back to article Google lab proposes solar-powered moisture farming to provide water for billions

Star Wars-style moisture farming could provide safe drinking water for approximately 1 billion people here on Earth, according to research from a Google-owned research lab. Solar-powered atmospheric water harvesting is an untapped source of clean drinking water, a global assessment modelled on hypothetical devices has shown. …

  1. Brewster's Angle Grinder Silver badge

    Tatooine ? Try a planet beginning with "A" (currently in cinemas):

    DEW COLLECTORS or DEW PRECIPITATORS...Collectors or precipitators are egg-shaped devices about four centimetres on the long axis. They are made of chromoplastic that turns a reflecting white when subjected to light, and reverts to transparency in darkness. The color forms a markedly cold surface upon which dawn dew will precipitate. They are used by █████ to line concave planting depressions where they provide a small but reliable source of water.

    1. Throatwarbler Mangrove Silver badge
      Thumb Up

      I was going to suggest the next logical move is stillsuits, but then I thought about how hard it was just to get people to wear masks to prevent the spread of SARS-CoV2. On the plus side, the way the planet is going, the stillsuit refuseniks would quickly die of thirst, so the problem would more quickly solve itself, plus we could throw the refuseniks into the reclamation tank and suck out their water and minerals.

      1. oiseau Silver badge

        I was going to suggest the next logical move ...

        But ...

        Whatever happened to Dean Kamen's Slingshot?

        I once saw a documentary about it (sorry, can't find the link) and apparently it was the solution.

        Seems to have fallen into Coca-Cola's grubby corporate hands.

        "As of 2020, the product does not seem to be in commercial production or wide use. The systems appear to be distributed in partnership with Coca-Cola as a component of EKOCENTER kiosks, of which over 150 have been deployed worldwide."

        Granted, it does need water (in any state) to actually produce drinking water, but it is reported to be quite cheap, durable and ecological.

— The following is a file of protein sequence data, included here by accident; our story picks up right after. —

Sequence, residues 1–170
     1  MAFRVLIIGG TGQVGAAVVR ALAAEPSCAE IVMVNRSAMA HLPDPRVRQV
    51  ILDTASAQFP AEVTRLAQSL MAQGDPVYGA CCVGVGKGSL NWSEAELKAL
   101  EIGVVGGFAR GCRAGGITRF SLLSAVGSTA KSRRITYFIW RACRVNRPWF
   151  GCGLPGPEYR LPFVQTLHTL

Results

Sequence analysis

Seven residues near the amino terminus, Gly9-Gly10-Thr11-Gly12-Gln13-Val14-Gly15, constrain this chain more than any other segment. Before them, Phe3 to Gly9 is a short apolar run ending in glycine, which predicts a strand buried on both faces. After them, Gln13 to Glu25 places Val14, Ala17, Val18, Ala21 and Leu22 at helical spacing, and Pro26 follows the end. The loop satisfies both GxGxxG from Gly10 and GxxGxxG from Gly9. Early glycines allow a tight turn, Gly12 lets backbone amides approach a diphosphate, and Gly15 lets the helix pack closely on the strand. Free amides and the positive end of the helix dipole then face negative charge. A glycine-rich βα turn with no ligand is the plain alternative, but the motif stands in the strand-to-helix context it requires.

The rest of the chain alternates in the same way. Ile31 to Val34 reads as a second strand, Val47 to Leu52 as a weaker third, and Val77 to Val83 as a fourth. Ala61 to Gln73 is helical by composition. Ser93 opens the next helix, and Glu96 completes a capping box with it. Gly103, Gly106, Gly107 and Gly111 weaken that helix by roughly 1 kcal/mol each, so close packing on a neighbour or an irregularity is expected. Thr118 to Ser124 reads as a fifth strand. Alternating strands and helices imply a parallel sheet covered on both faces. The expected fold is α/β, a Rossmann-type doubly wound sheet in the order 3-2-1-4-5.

2. John Brown (no body) Silver badge

        If it wasn't for the HGV driver shortage, I would have suggested we send wagon loads of dehydrated water concentrate to the relevant locations. On arrival, just add...

  2. Natalie Gritpants Jr

    OK as long as you are not nomadic and have 2m^2 per person of unhindered view of the sky.

    1. Anonymous Coward
      Anonymous Coward

      Just load it on your Banth.. ER water buffalo

      just hang the panel off one side and the condenser off the other :)

      Honestly, you run one of them off a solar car/truck roof, and capture some extra off of the AC evaporator as well. As to fixed locations, as any useful solar system will usually need to be over provisioned if you aren't including a large expensive battery pack, this would be one of a few different ways dynamically user overproduction w/o wasting it for setups that aren't grid connected.

      This isn't how everyone is going to get all of their water, but it would be useful for many as we get more solar on more roofs.

      These ideas often start with a silly all in one version people imagine will be dropped into struggling communities, but the OLPC was the failed version of the Raspberry Pi. My copier rep was talking up their zaibatsu's new condenser based water coolers(but waved off when they heard the tech bay had 4 people it, it was only rated for 2 or three tops). Eventually the designs become modular, and like induction cooktops and direct heat inline water heaters they become commonplace. That also lets people tailor the solution their needs and the area they are in. In places with low humidity, the overflow solar could be sent to desalinization or water reclamation, or used to pump and store well water for use off peak hours. With modular systems, places with excess sun and/or wind may still find use of this tech even in lower humidity areas just because water is locally scarce, heavy, and expensive to haul.

    2. AVR

      Your drinking water is only a part of the water you need and not the largest part. Cooking will take some, washing (your body, clothes, bedding, and probably tableware/cooking utensils) is not something you can do without long-term, and most of all if you want a functioning economy agriculture and manufacturing need lots of water. Talking about supplying people's drinking water needs is so incredibly misleading.

      1. John Brown (no body) Silver badge

        The article is talking about "safe drinking water". If you are living in an area with limited safe drinking water, you don't use that for anything other than drinking or cooking. You use the "not safe to drink" water for everything else. If you don't even have a source of "not safe to drink" water, then the problems are different.

  3. cyberdemon Silver badge
    Paris Hilton

    > two hypothetical devices: a 1m2 solar panel with a yield of 0.2 to 2.5 litres per kilowatt-hour at 30 per cent relative humidity and a 2m2 solar panel with a yield of 0.1 to 1.25 litres per kilowatt-hour at 90 per cent relative humidity.

    Shouldn't they be quoting that per hour, not per kilowatt hour?

    A 1 m2 solar panel produces about 100W on a good day, not 1kW. So That's a yeild of 0.02 to 0.25 litres per hour at 30% RH.

    And why would a larger panel in much higher humidity produce less water?

    1. Flak


      The Nature article explains the kWh reference as follows:

      In the context of specific yield, we use kWh to denote primary solar energy prior to thermal and other losses, and kWhPV to denote electrical energy supplied to the device from PV panels after conversion.